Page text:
Yep, it’s crucify Will Smith time. (We love that time almost as much as we love Thursday night spaghetti madness.)
Will Smith has a lot going for him. He’s charismatic, he can act (“Ali” proved it, if it accomplished little else), he’s not an awful musician, and he’s preternaturally good-looking. Not only that, but he’s an old-fasioned Entertainer of the most noble kind. Every time you see Will Smith doing anything, it seems designed to make you at least a little bit happier. Will Smith pushed “Independence Day” from intolerable hokum to mildly amusing pap, and pushed a sitcom into endless syndication through sheer force of personality (because trust me, nothing else in “The Fresh Prince of Bel-Air” was going to do it). And on top of that, he seems to have an actual artistic inclination. How else to explain his recent string of movie choices: “Ali,” “The Pursuit of Happyness,” “I Am Legend,” and now “Hancock”?
The trouble is, the people he’s working with keep missing the mark. Wildly.
“Hancock” follows in the footsteps of “I Am Legend” by giving us a different Will Smith, a guy digging in and finding a performance other than the semi-iconic one from “Men in Black” that he could profitably repeat for the next 30 years if he wanted. “I Am Legend” gave us a soulful, mournful Will Smith with almost no jokes and a lot of “last of my kind” angst. “Hancock” gives us a kind of darkly comedic twist on the same thing; Smith’s Hancock* drinks and possibly snorts coke and causes huge whirlwinds of catastrophe wherever he goes, but he’s also rogueishly charming and gets off a few good wisecracks, like this one:
Random woman at the scene of a Hancock-caused train wreck: You smell like liquor!
Hancock: Bitch, I’ve been drinking!
It’s so anti-clever that it’s almost clever. And Smith delivers the line with exactly the right go-fuck-yourself insouciance.
But just like “I Am Legend,” “Hancock” lets Smith down. It takes a bold creative choice – a demythologizing approach to the hero pic that we might have been comparing to what “Unforgiven” did to the Western, or what Frank Miller’s “The Dark Knight” did to, er, heroes – and swiftly discards it in favor of what the creative team clearly saw as a crowd-pleasing, blockbuster ending. The second half is nothing but convoluted backstory mixed with bad plotting and the sacrifice of everything interesting about the main character. By the time Hancock is predictably surviving the attack that should have killed him and (sort of) sacrificing himself to save the woman he (sort of) loves, the surly drunk of the opening scenes is long gone – and it turns out he took everything interesting about the movie with him. It reminds me of the disappointment I felt when “I Am Legend” funneled into a predictable action/horror showdown at the end, except that lasted just a few minutes; “Hancock” goes off the rails halfway through.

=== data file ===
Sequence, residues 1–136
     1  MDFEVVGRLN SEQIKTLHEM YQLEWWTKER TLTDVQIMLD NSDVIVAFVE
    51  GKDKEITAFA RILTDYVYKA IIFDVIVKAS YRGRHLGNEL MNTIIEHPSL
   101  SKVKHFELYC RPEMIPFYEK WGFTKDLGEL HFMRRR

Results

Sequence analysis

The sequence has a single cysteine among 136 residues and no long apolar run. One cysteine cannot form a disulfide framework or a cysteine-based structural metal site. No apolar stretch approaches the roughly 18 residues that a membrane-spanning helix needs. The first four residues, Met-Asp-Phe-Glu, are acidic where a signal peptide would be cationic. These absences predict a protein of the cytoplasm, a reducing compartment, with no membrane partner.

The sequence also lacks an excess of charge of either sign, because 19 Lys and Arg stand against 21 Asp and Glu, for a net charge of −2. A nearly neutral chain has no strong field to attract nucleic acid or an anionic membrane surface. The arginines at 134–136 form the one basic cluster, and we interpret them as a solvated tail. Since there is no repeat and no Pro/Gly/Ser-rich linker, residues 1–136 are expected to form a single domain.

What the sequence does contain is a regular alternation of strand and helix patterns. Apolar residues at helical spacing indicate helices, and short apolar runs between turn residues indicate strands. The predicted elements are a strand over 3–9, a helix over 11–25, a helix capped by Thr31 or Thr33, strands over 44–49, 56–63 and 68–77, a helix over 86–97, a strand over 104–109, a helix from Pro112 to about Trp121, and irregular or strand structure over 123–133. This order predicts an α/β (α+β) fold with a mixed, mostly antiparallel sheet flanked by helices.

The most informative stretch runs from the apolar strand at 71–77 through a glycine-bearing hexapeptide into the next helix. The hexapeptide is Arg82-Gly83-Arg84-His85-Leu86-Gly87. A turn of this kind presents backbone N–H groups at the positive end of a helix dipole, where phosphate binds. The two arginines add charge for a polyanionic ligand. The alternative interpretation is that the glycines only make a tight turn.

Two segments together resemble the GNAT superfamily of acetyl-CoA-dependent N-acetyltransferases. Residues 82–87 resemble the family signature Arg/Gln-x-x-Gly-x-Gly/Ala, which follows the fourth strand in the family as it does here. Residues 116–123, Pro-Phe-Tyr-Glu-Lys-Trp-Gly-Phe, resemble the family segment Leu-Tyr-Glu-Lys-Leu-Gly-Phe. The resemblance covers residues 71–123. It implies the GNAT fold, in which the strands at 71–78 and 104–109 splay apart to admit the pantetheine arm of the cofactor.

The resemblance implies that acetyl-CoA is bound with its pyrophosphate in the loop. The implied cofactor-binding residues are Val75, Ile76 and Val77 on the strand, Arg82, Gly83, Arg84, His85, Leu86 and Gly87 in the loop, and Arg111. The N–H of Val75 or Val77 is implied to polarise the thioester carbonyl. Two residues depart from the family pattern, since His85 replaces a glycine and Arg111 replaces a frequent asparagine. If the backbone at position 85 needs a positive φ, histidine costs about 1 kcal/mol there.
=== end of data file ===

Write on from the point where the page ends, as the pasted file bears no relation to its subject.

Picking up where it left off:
What Smith needs is to follow his instincts the rest of the way. He’s clearly drawn to interesting material and potentially career-altering concepts, and doesn’t want to keep recycling the lighter-than-air parts that made him such a bankable movie star. But he also just as clearly is working with people that don’t share his goals, and that want to ensure that their $100 million investments are recouped with interest at the box office. The solution? Dump the star salary, dump the grossly over-sized budgets and nail-chewing producers (“Do we put Hancock on a McDonald’s cup, or Burger King? Which one plays better?”), and team up with a true maverick. How about an “I Am Legend” made for half the budget, with no CGI, and directed by George Romero? How about a “Hancock” that follows through on its darkest instincts and doesn’t track the theme from “Sanford & Son” over a scene of Hancock literally shoving someone’s head up someone else’s ass**? Or how about Will Smith in a Werner Herzog or PT Anderson movie?
He’s standing on the threshold of something interesting. Let’s give him a push one way or the other. ‘Cause right now, he’s just blocking the door.
In other news… the trailer for “The Day The Earth Stood Still” (the remake starring Keanu Reeves) played in front of “Hancock” last night. I’d like to ask the producers of this movie a question, and here it is: why “The Day The Earth Stood Still”? I would have gone with “Star Wars” or “Aliens” or maybe “Caddyshack.” Really you could have chosen almost any title, and there would have been just as much resemblance between this movie and the one it is allegedly remaking.
Unless the next trailer for this movie includes a giant fuckin’ robot named Gort, count me out.
Strangely, the remake virus has also infected Werner Herzog, of all people. But in his predictably unpredictable fashion, he’s decided to remake – get this – “Bad Lieutenant.” (wha?) With Nicholas Cage and Val Kilmer. Which means this will either be the best or the worst movie ever made. So thumbs up, Werner!
* Not a penis joke.
** Really. P.S. Sorry for the many, many spoilers in this post, but if I have discouraged you from seeing this movie, I feel I’ve done my job.